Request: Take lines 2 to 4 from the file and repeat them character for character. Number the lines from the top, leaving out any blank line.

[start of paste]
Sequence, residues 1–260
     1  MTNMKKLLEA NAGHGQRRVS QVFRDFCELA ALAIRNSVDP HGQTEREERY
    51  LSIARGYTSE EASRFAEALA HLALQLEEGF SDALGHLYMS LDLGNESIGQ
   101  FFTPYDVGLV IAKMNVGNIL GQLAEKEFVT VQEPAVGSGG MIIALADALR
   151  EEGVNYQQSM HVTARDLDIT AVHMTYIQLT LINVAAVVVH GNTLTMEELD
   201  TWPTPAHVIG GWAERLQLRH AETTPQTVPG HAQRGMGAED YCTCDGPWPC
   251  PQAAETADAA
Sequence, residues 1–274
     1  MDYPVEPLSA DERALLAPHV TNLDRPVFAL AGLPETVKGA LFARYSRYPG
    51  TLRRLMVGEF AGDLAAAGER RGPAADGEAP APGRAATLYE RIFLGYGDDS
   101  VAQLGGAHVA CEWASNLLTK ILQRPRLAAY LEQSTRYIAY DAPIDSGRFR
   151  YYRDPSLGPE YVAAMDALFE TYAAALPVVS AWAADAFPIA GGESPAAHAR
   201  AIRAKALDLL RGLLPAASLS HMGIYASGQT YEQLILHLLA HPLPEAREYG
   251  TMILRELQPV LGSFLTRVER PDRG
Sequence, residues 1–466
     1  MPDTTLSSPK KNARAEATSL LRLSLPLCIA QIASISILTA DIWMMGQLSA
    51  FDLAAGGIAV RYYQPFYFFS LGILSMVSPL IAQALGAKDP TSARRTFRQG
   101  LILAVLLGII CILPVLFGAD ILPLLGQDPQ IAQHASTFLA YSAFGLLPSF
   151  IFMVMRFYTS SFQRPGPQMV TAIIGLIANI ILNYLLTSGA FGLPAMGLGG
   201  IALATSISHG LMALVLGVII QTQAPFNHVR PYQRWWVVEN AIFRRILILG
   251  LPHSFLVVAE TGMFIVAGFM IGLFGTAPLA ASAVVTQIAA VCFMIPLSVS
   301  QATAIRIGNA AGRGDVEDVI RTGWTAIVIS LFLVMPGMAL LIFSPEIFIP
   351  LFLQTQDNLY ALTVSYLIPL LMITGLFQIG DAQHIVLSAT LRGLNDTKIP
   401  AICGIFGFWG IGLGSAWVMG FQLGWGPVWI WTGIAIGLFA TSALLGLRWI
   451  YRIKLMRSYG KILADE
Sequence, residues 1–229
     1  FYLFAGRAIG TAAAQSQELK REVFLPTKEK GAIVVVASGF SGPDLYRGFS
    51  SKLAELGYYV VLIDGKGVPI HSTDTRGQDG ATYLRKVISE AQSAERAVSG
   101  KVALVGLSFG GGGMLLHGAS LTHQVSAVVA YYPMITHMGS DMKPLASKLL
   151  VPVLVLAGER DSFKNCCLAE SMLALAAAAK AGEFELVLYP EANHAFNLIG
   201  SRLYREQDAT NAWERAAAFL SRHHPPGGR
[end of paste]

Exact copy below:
     1  MTNMKKLLEA NAGHGQRRVS QVFRDFCELA ALAIRNSVDP HGQTEREERY
    51  LSIARGYTSE EASRFAEALA HLALQLEEGF SDALGHLYMS LDLGNESIGQ
   101  FFTPYDVGLV IAKMNVGNIL GQLAEKEFVT VQEPAVGSGG MIIALADALR